Albert Dwoskin and his wife, Claire, have been heavy hitters in Democratic politics for decades, boasting fundraisers with access to top Democratic leaders—even the Clintons.
Bill Clinton has spoken at their mansion in McLean, Virginia twice.
Albert, a real estate developer, donated more than $10,000 to Ready for Hillary—Clinton’s campaign in waiting—in 2013. That’s on top of the thousands of dollars both Clintons have received from the pair since the 1990s.
But it’s Albert and Claire Dwoskin’s other hobby that is under scrutiny now. The Dwoskins fund a multimillion-dollar family foundation that has publicly tied the use of vaccines to a rise in autism, and is dedicated to addressing “gaps in the knowledge about the biological and genetic risk factors for vaccine induced brain and immune dysfunction.”
In other words, they’re vaccination skeptics. And the foundation is just one in a series of anti-vaxx projects that the wealthy couple bankrolls.
The political class’s views on vaccines suddenly leapt to the forefront of the national conversation this week, when presumptive presidential candidates Chris Christie and Rand Paul said, to varying degrees, that vaccination should be a matter of parental choice.
The problem is, when parents opt out of the vaccination regime, the rest of us can get infected. In recent days, more than 100 cases in 14 states have caught the measles—a disease all-but-eradicated years ago.
The Dwoskins, through an assistant, said they were not “anti-vaccine,” had vaccinated their children, and were just committed to researching the causes of disorders such as autism and Alzheimer’s disease.
“Everyone is looking for an easy way to label things; that’s not uncommon,” said Kellie Boyle, a communications professional who described herself as an “unpaid assistant” for the Dwoskins. “When things are complex, or when things are political, let’s go ahead and chalk a label—that you’re black or white and there’s not anything in between. I think they’ve been caught in that.”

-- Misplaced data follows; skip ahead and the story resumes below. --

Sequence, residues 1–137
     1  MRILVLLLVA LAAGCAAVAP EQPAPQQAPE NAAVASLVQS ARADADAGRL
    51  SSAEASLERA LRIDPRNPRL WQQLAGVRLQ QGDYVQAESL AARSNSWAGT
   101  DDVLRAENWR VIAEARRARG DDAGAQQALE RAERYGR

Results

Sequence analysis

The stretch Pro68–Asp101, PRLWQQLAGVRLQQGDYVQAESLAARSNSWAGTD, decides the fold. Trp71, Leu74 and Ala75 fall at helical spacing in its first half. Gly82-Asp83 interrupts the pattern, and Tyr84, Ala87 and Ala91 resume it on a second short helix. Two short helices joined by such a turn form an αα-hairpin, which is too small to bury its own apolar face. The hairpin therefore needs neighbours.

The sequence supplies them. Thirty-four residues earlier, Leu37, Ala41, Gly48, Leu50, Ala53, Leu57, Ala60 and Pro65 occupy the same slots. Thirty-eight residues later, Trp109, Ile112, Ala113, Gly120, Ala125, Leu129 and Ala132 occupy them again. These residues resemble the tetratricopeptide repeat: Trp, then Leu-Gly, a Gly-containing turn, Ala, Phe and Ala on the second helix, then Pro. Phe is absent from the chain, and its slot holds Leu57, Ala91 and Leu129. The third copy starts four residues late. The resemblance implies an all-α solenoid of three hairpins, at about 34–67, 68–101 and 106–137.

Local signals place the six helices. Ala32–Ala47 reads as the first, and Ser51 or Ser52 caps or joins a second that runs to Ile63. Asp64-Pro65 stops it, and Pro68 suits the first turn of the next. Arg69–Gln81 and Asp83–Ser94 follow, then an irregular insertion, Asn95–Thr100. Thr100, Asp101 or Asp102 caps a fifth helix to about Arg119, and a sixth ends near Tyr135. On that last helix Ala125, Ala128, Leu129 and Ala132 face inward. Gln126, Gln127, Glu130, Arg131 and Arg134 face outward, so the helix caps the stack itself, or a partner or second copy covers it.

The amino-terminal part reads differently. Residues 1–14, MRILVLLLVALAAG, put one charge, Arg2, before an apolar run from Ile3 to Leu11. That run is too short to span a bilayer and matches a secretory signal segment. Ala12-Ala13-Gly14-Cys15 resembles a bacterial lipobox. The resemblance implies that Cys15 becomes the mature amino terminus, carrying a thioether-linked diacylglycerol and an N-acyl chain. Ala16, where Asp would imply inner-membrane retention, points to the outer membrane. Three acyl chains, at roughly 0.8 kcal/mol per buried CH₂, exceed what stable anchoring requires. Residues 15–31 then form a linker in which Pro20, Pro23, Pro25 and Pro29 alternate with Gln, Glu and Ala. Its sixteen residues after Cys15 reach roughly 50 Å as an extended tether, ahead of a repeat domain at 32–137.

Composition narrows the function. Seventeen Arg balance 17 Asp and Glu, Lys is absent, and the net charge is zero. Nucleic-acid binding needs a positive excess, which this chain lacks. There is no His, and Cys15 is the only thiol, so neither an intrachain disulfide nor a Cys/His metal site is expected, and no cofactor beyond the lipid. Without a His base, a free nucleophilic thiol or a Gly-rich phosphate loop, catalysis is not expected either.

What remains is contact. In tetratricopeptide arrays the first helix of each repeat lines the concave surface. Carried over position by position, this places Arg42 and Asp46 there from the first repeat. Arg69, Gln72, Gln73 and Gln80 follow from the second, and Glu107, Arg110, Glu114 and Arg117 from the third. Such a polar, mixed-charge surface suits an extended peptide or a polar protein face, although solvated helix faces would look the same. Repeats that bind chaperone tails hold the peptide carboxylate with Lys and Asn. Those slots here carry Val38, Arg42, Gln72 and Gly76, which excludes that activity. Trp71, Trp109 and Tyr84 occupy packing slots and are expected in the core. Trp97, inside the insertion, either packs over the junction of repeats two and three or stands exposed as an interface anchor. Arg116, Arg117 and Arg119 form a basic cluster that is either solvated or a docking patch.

Boyle added that the Dwoskins were shocked by the sudden attention to their cause.
Neither Ready for Hillary nor Hillary Clinton’s office returned a request for comment.
But even if the couple are not dyed-in-the-wool anti-vaxxers, the websites of their various foundations contain information that has been debunked or unsubstantiated. During a time when more and more people are becoming infected with diseases best left on the Oregon Trail, their charitable efforts look less than sane.
For example, the foundation warns against the unforeseen consequences of vaccines and links vaccine ingredients—such as aluminum—to autism.
In a September 23, 2014 post on the foundation website, author “dwoskin” wrote:
“Autism spectrum disorder (ASD) has a prevalence of 1 in 68 children—a 30% increase since 2012 according to the Center for Disease Control and Prevention (CDC). ASD was once a rare disorder but is occurring more frequently than before, as more cases are being diagnosed each year. The reason for this increase may be linked to certain ingredients found in vaccines, specifically aluminum formulated vaccines.”
While the post cites the CDC statistics, it ignores the CDC’s findings that “there is no relationship between vaccines and autism rates in children. Besides [controversial vaccine ingredient] thimerosal, some people have had concerns about other vaccine ingredients in relation to autism as well. However, no links have been found between any vaccine ingredients and autism.”
But to “dwoskin,” that is neither here nor there, apparently.
The Dwoskin Family Foundation post goes on:
“Autism and ASD can be defined as a condition characterized by impaired cognitive and social skills along with compromised immune function. The fact that ASD rates have rapidly increased over the last two decades suggests that there are environmental components that lead to its prevalence. The root cause of ASD is still unknown; however, current research is suggesting that the use of vaccines are [sic] playing a role in its development.”
The Dwoskins also fund the Children’s Medical Safety Research Institute (CMSRI), an entity that allows the couple to also fund research on the issue overseas. It, too, has claims that are, let’s say, less than true:
“Certain toxic ingredients in vaccines have not been individually tested for safety such as aluminum adjuvants, polysorbate 80 and Thimerosal,” the CMSRI website says.